Saturday, September 26, 2009

"Lean Muscle "- muscle is lean - do you mean lean mass?

Just a quicky about terminology. I've heard many folks referring to building "lean muscle" and burning fat. Even seemingly knowledgeable sites do this. Consider this wikianswer response about building "lean muscle" A review of Staley's muscle logic refers to building "lean muscle mass." Or just do a search for "lean muscle" and check how many sites come back with that term in the title.

The thing is, muscle *is* lean in that (a) lean means wanting in fat and (b) muscle has very little fat in it. Pretty much ever. It's very particularly designed to be that way.

The "lean muscle" may come from conflating the desire for muscle gain and fat loss on the one hand and measuring "lean mass" relative to body fat % from body composition on the other.

Or maybe it's that gaining muscle is supposed to go with burning fat and hence getting lean. Not always true by the way: see "bulking."

Anyway, lean muscle may be a redundant term but it's pretty pervasive. So let's take these terms apart then:

Lean, in lean mass refers to the measurement of the body sans adipose tissue - the fat that's under the skin (and can be measured by calipers) as opposed to visceral fat, which is the stuff around our internal organs.

Body composition by the way is formally the meanure of fat, bone, muscle tissue. So a lean person - say a man below 10% body fat with a six pack starting to show - is "lean" - as in wanting in fat (that's another great word: to want, wanting - as in to lack). He may be more or less muscular at that bf% than another person who is say bigger or smaller boned, so not everyone at a particular bf% looks the same to be sure.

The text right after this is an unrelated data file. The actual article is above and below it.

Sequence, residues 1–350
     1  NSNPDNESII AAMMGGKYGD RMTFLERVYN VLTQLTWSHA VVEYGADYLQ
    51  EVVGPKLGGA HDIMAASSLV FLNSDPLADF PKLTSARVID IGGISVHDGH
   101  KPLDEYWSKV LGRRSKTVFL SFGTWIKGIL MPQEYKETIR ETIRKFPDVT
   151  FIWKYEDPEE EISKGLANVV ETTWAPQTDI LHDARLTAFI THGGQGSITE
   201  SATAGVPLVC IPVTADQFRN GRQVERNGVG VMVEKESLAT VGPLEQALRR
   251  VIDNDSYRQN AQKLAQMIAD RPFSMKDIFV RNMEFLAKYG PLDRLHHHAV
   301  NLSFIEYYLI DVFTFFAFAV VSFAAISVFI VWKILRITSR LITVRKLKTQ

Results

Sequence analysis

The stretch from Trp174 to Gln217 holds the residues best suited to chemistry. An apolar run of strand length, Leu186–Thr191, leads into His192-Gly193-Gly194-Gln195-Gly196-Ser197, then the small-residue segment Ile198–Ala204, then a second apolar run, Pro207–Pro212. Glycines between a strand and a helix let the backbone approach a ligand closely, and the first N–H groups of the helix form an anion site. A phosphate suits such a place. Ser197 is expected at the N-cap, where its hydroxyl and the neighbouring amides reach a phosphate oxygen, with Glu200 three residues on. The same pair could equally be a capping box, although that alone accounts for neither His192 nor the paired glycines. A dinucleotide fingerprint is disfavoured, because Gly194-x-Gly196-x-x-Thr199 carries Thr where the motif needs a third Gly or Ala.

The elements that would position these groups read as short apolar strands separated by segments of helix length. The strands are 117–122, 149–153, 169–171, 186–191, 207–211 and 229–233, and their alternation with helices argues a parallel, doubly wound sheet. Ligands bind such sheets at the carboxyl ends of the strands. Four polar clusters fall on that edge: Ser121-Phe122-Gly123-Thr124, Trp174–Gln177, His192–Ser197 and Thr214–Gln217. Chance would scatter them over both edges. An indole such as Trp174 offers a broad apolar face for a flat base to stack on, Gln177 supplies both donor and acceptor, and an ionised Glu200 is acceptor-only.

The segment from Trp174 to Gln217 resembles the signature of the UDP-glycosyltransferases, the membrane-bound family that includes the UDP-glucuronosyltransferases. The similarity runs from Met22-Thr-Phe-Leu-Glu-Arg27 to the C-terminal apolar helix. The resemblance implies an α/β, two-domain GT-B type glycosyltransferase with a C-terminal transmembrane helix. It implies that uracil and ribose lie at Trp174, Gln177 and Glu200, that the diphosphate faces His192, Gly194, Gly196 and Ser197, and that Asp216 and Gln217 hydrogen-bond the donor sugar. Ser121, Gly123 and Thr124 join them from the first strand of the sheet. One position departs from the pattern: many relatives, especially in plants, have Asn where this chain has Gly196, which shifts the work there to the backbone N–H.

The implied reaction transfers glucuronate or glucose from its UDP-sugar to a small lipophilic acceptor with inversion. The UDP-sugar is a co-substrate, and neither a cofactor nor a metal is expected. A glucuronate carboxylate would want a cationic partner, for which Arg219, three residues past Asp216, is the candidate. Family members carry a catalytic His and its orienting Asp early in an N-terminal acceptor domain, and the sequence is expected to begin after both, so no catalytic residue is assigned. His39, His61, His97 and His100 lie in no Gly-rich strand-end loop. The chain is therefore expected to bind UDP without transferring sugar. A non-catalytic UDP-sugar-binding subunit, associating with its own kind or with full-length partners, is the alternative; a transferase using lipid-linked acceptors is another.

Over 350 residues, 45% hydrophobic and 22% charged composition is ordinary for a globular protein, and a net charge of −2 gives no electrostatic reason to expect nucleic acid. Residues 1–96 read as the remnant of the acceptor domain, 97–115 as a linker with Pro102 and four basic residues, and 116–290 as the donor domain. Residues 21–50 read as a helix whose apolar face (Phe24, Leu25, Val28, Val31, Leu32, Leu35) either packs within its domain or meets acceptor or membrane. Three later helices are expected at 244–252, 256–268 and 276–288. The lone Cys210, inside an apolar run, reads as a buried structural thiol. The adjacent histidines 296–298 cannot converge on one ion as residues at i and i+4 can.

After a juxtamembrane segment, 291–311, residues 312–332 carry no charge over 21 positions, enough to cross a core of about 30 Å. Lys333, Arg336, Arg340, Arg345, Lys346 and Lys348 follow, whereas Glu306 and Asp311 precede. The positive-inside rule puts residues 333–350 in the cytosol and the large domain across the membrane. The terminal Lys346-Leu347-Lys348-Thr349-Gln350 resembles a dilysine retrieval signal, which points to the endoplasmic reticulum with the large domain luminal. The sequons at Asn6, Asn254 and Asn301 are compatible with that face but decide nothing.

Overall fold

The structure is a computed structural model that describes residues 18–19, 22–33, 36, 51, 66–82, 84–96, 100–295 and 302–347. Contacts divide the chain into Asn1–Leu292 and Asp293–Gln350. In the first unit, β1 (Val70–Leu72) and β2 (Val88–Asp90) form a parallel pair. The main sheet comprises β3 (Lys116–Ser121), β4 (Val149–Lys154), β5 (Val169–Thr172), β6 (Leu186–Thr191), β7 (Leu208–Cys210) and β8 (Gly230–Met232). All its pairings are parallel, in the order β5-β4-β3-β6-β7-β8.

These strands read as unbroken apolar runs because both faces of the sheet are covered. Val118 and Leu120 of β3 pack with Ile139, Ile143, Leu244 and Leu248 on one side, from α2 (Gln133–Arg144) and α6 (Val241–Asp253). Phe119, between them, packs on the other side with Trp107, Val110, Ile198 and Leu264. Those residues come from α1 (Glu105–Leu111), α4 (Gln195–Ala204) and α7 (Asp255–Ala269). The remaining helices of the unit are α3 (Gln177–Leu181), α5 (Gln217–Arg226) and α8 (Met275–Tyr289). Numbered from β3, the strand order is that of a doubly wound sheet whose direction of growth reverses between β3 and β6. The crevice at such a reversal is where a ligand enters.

Similarly someone can gain lean mass, or gain muscle, and not necessarily put much of a dent in lowering their body fat percentage (as seen recently with obese kids on exercise programs). In fact many folks will eat more to gain muscle mass, and pack on some more fat while doing so. This is partially why it's hard to gain muscle mass while reducing calories to get lean: the fuel to build the muscle mass (new tissue) isn't necessarily there (see discussion on hypertrophy here).

So, there's muscle, there's lean mass, and there's body fat. Muscle and bone is lean; fat is fat. Working to gain muscle doesn't necessitate getting lean(er), but eating at a caloric deficit may (scroll dow to see discussion on weight loss, nutrition, habits, change is pain, here for more).

Now, for most situations the above may be considered a nice distinction (nice is another cool word like want - means fussy or fastidious or jesuitical for that matter), but sometimes folks make the assumption that muscle gain means fat loss when thinking about "lean muscle gain" and since it doesn't, it may help to have this cleared up - help a person working on weight loss and fitness to have a better mental model of what's happening within us.

And so thar we go: muscle is lean already, to get lean is to drop fat, but building muscle is no guarantee of fat loss, though developed in the right circumstances, it can certainly help.

No comments:


Related Posts with Thumbnails